Rex Burkhead’s senior season for Nebraska hardly fulfilled expectations. After putting the Husker offense squarely on his back in his junior season, Burkhead expected even greater things to come in 2012.
After scampering 57 yards for a touchdown seconds into Nebraska’s season opener against Southern Miss, it appeared “Superman” was poised to do just that. But injuries struck, and they struck often, making Burkhead a rare contributor instead of the work-horse back that the Huskers had previously enjoyed.
So what is next for Rex Burkhead after an injury-riddled senior year? Let’s look at the key factors that make Burkhead a steal for any team in the 2013 NFL draft.
Rex Burkhead is not going to be switching to wideout anytime soon. But do not limit his skill set to the normal fixtures of the running back position.
Frequently during his career in Lincoln, the Huskers looked to Burkhead to provide a spark out of the backfield. On either check-downs or designed screen passes, the Nebraska offense often looked for creative ways to get the ball in the playmakers’ hands. And he did not disappoint, most notably burning Ohio State in 2011 on a catch he was able to turn up field in the midst of the Huskers’ giant comeback victory.
Perhaps Burkhead’s greatest attribute is his ability to challenge defenses inside and outside the tackles. While many bowling-ball running backs (LenDale White, Jorvorskie Lane, etc.) and sprinter running backs (Reggie Bush, Warrick Dunn, etc.) have experienced limited success at the NFL level, the most productive backs have that rare combination. They are the backs that can simultaneously run over defensive backs and make linebackers miss.
Rex Burkhead has shown time and time again the ability to do just that, most recently against Iowa in the Heroes Game. In the same crucial, clock-draining drive, Burkhead carried half the Hawkeye defense on his back to provide the Husker offense with vital breathing room on their own goal line. A few plays later, he broke the ankles of a poor defender who had the unfortunate task of trying to bring Superman down in the open field.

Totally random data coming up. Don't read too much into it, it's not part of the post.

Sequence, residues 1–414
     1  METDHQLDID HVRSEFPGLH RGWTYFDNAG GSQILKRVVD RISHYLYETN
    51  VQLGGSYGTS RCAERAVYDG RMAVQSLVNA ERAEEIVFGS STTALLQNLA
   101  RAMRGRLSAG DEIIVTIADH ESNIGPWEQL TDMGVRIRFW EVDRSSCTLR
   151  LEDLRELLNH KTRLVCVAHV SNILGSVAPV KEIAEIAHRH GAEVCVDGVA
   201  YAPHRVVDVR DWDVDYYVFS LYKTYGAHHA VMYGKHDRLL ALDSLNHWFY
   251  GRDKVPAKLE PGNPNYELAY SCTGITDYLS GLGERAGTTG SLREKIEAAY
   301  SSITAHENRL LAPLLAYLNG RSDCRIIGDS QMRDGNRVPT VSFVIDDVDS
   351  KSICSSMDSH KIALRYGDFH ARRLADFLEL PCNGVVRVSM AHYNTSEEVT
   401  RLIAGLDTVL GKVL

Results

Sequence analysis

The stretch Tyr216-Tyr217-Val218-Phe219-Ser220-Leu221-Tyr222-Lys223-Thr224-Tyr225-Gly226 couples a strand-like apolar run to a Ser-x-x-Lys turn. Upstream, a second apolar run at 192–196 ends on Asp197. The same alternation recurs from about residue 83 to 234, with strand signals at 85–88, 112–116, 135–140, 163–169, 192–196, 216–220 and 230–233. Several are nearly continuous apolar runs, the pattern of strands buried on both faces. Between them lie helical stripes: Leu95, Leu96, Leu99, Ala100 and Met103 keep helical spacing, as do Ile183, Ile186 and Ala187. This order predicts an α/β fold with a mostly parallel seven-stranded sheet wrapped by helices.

Burkhead has found his way into the hearts of Nebraska fans on and off the field. His performances on the field have produced memorable moments for Husker nation and made him a household name across the state. But it is his character when the pads are off that has made him such an endeared member of the Nebraska community.
While community service obviously does not mean anything directly for NFL scouts looking for production, it says a lot about the way in which Burkhead would approach an NFL opportunity. Teams should look at the great work he has done off the field as evidence for the selfless and generous player Burkhead will make within a team.
Seemingly on a daily basis, NFL players prove that they are not your average members of their communities. Starting in high school, fame and popularity of quality football players can quickly turn Average Joes into big-city divas. However, that baggage will not come with Rex Burkhead.
Particularly in his junior and senior seasons, Rex Burkhead was The Man. He was the crowd favorite and face of the team. And if old enough, he probably would have had a good shot in most political races this fall without even campaigning. Yet despite this notoriety, Burkhead was never found mouthing off to the media or making himself the center of attention. He just kept on his regular path, like he has always done, a truly rare thing for such a beloved star athlete.
With the exception of superstar running backs like Adrian Peterson and Marshawn Lynch, NFL teams frequently turn to two-running back systems to bear the workload of their running attacks. This can frequently force incoming college prospects to transition into a rushing game-by-committee style of offense.
However, Rex Burkhead has more experience than most with sharing the ball. For much of his career at Nebraska, he shared carries with Roy Helu, Jr., who is already playing professionally. And even upon his return from injuries in 2012, Burkhead again did not have exclusive rights to the carries. Simply, he knows how to be a team player and accept his role in the offense.
All of these previous points show Burkhead’s value in the NFL draft. Yet it is his anonymity that makes him a steal.
There are a number of high-profile running backs that have NFL scouts drooling. Michigan State’s Le’Veon Bell, South Carolina’s Marcus Lattimore and Wisconsin’s Montee Ball all seem to have bright NFL futures ahead of them. And it is no secret.
But outside of Nebraska, Rex Burkhead does not enjoy nearly the level of renown he receives inside the state. It is rather absurd to suggest that NFL scouts would overlook a player like Burkhead or not know everything there is to know about him. But it is the likelihood that he falls to a later spot in the draft class due to his lack of national reputation that makes Burkhead a steal in the 2013 NFL draft.